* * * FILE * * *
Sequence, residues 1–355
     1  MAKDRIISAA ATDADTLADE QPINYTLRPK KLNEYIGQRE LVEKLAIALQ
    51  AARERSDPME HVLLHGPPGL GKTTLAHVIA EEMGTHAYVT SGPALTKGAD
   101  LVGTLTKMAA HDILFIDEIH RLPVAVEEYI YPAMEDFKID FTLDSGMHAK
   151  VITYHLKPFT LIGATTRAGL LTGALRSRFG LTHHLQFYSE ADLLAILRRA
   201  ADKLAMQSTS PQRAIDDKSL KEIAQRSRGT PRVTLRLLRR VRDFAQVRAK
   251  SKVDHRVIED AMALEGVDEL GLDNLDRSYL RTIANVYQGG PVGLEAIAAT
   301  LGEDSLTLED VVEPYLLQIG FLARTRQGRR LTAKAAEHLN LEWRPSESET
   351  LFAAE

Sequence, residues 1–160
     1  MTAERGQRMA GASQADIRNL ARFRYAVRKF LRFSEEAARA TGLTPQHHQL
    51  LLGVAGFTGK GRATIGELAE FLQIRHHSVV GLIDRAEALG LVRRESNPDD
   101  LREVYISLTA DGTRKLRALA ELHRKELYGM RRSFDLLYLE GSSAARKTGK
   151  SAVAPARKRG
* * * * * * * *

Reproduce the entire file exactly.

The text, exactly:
Sequence, residues 1–355
     1  MAKDRIISAA ATDADTLADE QPINYTLRPK KLNEYIGQRE LVEKLAIALQ
    51  AARERSDPME HVLLHGPPGL GKTTLAHVIA EEMGTHAYVT SGPALTKGAD
   101  LVGTLTKMAA HDILFIDEIH RLPVAVEEYI YPAMEDFKID FTLDSGMHAK
   151  VITYHLKPFT LIGATTRAGL LTGALRSRFG LTHHLQFYSE ADLLAILRRA
   201  ADKLAMQSTS PQRAIDDKSL KEIAQRSRGT PRVTLRLLRR VRDFAQVRAK
   251  SKVDHRVIED AMALEGVDEL GLDNLDRSYL RTIANVYQGG PVGLEAIAAT
   301  LGEDSLTLED VVEPYLLQIG FLARTRQGRR LTAKAAEHLN LEWRPSESET
   351  LFAAE

Sequence, residues 1–160
     1  MTAERGQRMA GASQADIRNL ARFRYAVRKF LRFSEEAARA TGLTPQHHQL
    51  LLGVAGFTGK GRATIGELAE FLQIRHHSVV GLIDRAEALG LVRRESNPDD
   101  LREVYISLTA DGTRKLRALA ELHRKELYGM RRSFDLLYLE GSSAARKTGK
   151  SAVAPARKRG